The ultimate source of energy for life in our planetary system is solar radiation.
During March and April, sunshine hours are increasing rapidly as is the height to which the sun climbs in the sky.
The higher the sun is positioned in the sky, the less atmosphere it has to get through in order to reach Earth’s surface.
The sun sends energy in different forms of wavelength ranging from infrared to ultra-violet.
The UV index measures the amount of the sun’s radiation emitted in the ultra-violet.
This index represents the UV intensity around the sun’s highest point in the day, called solar noon, which is halfway between sunrise and sunset.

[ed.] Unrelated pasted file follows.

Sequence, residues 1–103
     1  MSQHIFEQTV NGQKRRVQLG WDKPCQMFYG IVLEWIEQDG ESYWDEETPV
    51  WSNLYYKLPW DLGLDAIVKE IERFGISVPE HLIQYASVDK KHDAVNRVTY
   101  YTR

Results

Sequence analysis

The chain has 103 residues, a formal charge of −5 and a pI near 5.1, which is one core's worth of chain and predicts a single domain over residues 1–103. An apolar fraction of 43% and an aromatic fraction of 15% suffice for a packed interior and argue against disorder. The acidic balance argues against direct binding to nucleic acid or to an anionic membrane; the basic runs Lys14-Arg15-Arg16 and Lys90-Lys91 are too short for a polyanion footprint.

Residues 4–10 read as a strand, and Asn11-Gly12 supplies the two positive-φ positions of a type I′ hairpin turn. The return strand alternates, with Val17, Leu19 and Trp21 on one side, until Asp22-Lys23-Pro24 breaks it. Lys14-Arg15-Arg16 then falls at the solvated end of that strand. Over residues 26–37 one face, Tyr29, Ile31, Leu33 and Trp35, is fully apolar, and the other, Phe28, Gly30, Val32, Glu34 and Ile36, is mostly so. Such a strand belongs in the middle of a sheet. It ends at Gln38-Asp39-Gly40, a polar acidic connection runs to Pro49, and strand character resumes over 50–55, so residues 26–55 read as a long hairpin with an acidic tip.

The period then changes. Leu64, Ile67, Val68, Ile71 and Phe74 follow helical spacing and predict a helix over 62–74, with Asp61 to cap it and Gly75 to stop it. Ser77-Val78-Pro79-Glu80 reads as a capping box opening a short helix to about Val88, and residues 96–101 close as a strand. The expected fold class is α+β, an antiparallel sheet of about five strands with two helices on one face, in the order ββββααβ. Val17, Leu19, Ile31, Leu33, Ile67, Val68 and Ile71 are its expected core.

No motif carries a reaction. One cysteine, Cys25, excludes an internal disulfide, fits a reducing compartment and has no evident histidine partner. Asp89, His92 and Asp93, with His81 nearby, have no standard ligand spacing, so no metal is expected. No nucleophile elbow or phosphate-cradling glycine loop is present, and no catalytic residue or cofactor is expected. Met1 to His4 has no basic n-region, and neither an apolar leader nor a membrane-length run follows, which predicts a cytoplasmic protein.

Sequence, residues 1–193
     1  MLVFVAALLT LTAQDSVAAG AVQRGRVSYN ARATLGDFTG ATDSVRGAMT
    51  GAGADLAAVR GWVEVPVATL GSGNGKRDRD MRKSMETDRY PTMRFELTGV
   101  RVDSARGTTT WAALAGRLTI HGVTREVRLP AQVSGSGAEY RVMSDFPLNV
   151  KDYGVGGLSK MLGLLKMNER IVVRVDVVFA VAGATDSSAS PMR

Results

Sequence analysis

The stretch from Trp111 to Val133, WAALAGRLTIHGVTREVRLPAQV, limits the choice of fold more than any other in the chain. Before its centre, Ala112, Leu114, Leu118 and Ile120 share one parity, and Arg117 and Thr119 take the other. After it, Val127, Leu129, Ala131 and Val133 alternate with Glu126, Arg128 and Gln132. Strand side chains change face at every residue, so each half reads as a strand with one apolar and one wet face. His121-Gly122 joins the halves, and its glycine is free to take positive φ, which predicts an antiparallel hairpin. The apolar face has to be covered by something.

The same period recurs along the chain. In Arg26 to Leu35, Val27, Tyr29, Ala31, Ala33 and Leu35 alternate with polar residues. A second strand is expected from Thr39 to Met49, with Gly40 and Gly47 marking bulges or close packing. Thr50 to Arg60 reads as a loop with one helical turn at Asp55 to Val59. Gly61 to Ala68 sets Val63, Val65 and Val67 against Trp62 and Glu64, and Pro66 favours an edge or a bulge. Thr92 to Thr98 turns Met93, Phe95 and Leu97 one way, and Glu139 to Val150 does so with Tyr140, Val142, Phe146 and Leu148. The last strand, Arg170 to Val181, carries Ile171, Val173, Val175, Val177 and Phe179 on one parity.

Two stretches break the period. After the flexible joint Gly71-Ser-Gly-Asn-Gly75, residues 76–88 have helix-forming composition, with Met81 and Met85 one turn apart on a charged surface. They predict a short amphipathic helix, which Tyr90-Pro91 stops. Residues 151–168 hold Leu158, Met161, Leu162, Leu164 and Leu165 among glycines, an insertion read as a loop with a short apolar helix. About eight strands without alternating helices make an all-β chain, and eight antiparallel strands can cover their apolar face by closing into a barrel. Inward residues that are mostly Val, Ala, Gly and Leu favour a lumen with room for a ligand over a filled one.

At present across Bucks, a value of four is possible on a clear day, high enough to boost our vitamin D levels but also burn our skin.
For the British Isles, the maximum possible UV levels continue to rise until the summer solstice on June 21, by which time values of seven (or under exceptional occasions even eight) can be achieved
While sufficiently high to burn unprotected skin in less than half an hour, this is still much lower than found elsewhere across the world. In Greece, Spain and Italy for example which, by definition, are in lower latitudes, values can peak at around 10 in the June midday sunshine.
Back in the Aylesbury Vale, high pressure is expected to build for the rest of this week and into the weekend, leading to dry and settled conditions with plenty of sunny spells by day.
Night-times are expected to stay dry with clear spells allowing it to turn chilly on some nights.
Temperatures will be around or just above average for this time of the year.